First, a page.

I’m really excited to share with you some findings that basically surprise me about what makes companies succeed probably the most, what factors actually matter probably the most for startup success. I feel that the startup organization is one of many greatest forms to really make the world a much better place. For several individuals with the proper equity incentives and organize them in a startup, you are able to unlock human potential in ways nothing you’ve seen prior possible. You cause them to achieve unbelievable things.
However, if the startup organization is indeed great, why achieve this many fail? That’s what I needed to find out. I needed to learn what actually matters most for startup success. And I wanted to try to be systematic about any of it, avoid some of my instincts and maybe misperceptions I have from so many companies I’ve seen over the years. I needed to understand this because I’ve been starting businesses since I was 12 years old when I sold candy at the bus stop in junior senior school, to senior school, when I made solar energy devices, to college, when I made loudspeakers.
And when I graduated from college, I began software companies. And 20 years ago, I began Idealab, and within the last 20 years, we started over 100 companies, many successes, and many big failures. We learned a great deal from those failures. So I tried to look across what factors accounted probably the most for company success and failure. So I looked over these five. First, the idea. I used to believe the concept was everything. I named my company Idealab for simply how much I worship the “aha!” moment when you produce the idea. But over time, I came to believe maybe the team, the execution, adaptability, that mattered much more than the idea. I never thought I’d be quoting boxer Mike Tyson on the TED stage, but he once said, “Everybody has a plan, until they get punched in the face.” (Laughter) And I do believe that’s so true about business as well.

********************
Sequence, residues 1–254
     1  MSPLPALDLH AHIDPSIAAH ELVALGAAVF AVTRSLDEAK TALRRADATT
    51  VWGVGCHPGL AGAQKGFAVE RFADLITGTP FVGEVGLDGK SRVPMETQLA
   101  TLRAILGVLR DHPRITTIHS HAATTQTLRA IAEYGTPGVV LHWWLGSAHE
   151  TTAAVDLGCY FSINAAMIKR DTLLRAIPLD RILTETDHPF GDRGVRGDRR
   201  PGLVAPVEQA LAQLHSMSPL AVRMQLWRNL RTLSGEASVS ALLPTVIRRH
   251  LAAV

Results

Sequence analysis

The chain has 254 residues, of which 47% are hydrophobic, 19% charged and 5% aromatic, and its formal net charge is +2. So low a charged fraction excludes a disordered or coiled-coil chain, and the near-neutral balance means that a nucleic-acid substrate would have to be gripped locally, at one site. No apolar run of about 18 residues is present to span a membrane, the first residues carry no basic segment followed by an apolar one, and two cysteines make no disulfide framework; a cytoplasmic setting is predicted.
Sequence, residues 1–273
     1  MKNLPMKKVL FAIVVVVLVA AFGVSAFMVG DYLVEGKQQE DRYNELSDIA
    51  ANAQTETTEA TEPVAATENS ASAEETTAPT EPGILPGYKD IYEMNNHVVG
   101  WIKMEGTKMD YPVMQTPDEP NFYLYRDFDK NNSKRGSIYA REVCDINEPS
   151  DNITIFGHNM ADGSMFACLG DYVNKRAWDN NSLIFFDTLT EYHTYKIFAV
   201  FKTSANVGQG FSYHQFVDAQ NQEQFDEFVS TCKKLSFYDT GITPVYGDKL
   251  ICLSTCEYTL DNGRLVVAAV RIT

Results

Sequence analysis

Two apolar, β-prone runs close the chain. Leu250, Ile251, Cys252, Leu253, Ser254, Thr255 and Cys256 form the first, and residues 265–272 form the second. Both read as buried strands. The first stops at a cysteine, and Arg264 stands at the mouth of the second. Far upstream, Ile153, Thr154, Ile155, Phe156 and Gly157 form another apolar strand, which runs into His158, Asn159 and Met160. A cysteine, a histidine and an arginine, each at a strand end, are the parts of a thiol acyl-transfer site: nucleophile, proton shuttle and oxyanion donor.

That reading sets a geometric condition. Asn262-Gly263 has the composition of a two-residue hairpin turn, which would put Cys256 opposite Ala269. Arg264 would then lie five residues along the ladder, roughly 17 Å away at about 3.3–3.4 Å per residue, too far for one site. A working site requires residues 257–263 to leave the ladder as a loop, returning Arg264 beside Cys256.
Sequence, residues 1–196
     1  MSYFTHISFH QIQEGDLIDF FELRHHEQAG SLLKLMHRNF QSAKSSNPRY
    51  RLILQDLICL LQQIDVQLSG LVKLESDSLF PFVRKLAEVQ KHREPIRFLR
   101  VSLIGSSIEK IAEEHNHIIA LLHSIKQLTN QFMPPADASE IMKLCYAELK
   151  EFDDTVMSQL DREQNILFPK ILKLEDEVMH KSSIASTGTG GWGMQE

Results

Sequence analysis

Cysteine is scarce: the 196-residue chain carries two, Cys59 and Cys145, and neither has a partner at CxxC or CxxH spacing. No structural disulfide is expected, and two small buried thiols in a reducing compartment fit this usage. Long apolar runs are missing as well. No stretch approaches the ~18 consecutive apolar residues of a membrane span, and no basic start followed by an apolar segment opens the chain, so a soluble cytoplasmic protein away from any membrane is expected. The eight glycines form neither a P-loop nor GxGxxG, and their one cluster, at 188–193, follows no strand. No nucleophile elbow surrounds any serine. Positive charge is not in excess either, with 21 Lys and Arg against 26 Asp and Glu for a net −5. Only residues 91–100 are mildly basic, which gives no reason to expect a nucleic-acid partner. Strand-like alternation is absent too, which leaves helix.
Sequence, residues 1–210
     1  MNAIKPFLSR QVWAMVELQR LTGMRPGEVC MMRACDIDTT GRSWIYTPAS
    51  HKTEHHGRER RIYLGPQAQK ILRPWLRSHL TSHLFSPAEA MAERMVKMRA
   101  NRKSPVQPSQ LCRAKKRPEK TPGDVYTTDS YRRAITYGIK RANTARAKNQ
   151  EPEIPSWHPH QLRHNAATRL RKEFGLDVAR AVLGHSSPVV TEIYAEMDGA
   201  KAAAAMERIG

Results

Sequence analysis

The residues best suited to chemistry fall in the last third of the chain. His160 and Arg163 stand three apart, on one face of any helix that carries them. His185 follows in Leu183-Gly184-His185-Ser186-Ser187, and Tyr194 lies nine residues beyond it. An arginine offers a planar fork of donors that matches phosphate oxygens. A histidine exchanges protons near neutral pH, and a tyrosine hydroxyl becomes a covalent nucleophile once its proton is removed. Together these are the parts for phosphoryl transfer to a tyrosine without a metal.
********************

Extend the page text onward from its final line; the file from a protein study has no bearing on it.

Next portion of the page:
So much of a team’s execution is its ability to adapt to getting punched in the face by the customer. The client is the real reality. And that’s why I came to believe the team maybe was the main thing. Then I began looking at the company model. Does the company employ a clear path generating customer revenues? That started rising to the utmost effective in my own considering maybe what mattered most for success.